Our ancient philosophers always articulated the intensity of our wholeness in their own unique modes. While some of them labelled the idea as a vision that expressed the sparkle of the celestial spirit within our being, some called, or referred to, the actual principle as a mirror that reflects oneself — not just in our face, but at the core of our being. To cull another exemplar — the eye, in the philosopher’s mind, is not merely an eye. It is a perpetual “prompt” that upholds the view that we are more than individuals and much more than a component of the cosmos. As any sublime poet would verbalise — our eyes do not see what the mind does not know. This is primarily because our eyes are the windows of our soul and vice versa. They do not just convey what we think; they celebrate the divine stimulus, or the vast expanse of the cosmos that is glowing deep within our soul. This is precisely the fundamental element that instills in us our composite wholeness, or the quintessence of our conscious awareness, including the kaleidoscopic synthesis of our being — day-in and day-out.
Mind scientists relate to wholeness in other ways — they connect our inner calm as our harmonious relationship with each and every tissue, or mitochondria, the “powerhouse of the cell.” This also includes our body’s internal balance. This nourishing equilibrium is not only innate to our being, it also corresponds to nature, the universe and balance. It equates, no less, to several scales in our mind —where each part of the whole, or the sum of the parts, strives to sustain balance. The most amazing part is every scale, or pattern, is interrelated — and, what’s more, they also integrate into a seamless whole, in health and illness, the difference being of degree and (im)balance.
This is a simple premise that contextualises the whole framework that exists between psychology and immune function — in health and illness, or vice versa. Where there is harmony of the two, it denotes optimal health and well-being, while any imbalance between them is often the trigger, or cause, of illness — small, or big. You get the point — any disturbance in our immune function is expressed by the body in the form of psychological and emotional symptoms, aside from physical syndromes.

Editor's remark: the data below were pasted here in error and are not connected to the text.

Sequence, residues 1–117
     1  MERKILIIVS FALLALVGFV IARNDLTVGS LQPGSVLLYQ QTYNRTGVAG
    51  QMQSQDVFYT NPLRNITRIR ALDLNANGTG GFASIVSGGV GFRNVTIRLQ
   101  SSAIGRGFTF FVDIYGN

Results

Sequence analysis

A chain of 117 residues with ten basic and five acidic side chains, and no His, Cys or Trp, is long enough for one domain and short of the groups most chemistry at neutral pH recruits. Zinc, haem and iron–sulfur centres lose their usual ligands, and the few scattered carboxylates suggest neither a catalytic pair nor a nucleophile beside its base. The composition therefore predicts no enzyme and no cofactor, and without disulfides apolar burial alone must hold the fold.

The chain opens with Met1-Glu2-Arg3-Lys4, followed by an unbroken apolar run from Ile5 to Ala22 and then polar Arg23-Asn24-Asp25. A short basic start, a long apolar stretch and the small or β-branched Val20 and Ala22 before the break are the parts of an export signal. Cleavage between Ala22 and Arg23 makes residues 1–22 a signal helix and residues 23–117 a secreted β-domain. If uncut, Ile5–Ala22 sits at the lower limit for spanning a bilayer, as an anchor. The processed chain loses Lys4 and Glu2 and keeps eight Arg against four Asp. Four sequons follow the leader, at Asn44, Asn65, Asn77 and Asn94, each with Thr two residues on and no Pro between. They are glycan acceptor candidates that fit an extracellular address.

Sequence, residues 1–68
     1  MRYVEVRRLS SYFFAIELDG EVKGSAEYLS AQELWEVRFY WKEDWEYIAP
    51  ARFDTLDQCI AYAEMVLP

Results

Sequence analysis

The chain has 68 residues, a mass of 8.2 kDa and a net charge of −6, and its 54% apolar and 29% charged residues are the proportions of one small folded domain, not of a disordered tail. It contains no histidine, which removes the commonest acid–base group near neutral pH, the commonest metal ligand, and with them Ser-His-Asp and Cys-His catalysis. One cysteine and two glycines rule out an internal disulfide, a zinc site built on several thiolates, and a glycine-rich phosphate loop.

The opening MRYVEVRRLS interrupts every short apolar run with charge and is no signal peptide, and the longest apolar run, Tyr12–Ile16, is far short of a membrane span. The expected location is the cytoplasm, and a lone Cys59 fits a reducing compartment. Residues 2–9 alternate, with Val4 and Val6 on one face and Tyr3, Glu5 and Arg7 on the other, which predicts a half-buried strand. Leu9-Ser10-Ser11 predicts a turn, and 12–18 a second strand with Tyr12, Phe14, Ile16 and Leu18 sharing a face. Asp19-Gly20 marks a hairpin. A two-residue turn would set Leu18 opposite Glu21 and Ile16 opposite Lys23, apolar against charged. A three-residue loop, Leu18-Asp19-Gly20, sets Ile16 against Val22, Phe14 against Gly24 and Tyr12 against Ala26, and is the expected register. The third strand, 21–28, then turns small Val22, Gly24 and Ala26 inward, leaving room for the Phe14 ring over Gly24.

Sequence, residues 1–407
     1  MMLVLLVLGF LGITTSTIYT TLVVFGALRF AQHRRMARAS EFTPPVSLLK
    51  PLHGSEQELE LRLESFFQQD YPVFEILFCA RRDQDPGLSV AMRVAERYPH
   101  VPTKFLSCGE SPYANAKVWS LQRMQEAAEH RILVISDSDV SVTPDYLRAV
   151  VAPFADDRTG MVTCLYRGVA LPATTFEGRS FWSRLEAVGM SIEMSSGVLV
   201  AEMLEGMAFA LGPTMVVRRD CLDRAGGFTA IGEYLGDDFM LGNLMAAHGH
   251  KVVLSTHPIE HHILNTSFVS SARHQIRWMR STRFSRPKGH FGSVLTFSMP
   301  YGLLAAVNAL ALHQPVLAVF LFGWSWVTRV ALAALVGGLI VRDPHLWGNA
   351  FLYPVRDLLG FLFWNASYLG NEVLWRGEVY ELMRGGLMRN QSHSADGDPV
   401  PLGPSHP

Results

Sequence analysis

The equation is unpretentious — while viruses and bacteria may cause certain illnesses, singularly or in isolation, it is equally unambiguous to think of changes in our immune function as the source of such illnesses, or disease states. This is simply because illnesses have several causes, not just one, or two. What also tips the scale in favour of any emerging illness, in one individual, may not lead to any ill-effects in the other. What does this signify? That most illnesses tend to have a far greater impact on the health and well-being “weighing scale” of the elderly, children, and the unwell — not so much in healthy, youthful, or actively fit individuals.
The implication is obvious — a change within our immune system influences not only our psychological and physical states, but our behaviour too. You name it — right from common cold and allergies to feelings of compromised health, loss of appetite, depression, and gross fatigue. What this means is — we should listen to nature’s warning signals at all times, no matter the status of our health, or illness. It also means consciously rejecting sudden leaps of “brow science” social media- propelled messages that are a smattering of skewed dogma. The inference is apparent. There is a “demon” in our psyche and we need to deal with it — pragmatically.
(The writer is a wellness physician, independent researcher and author)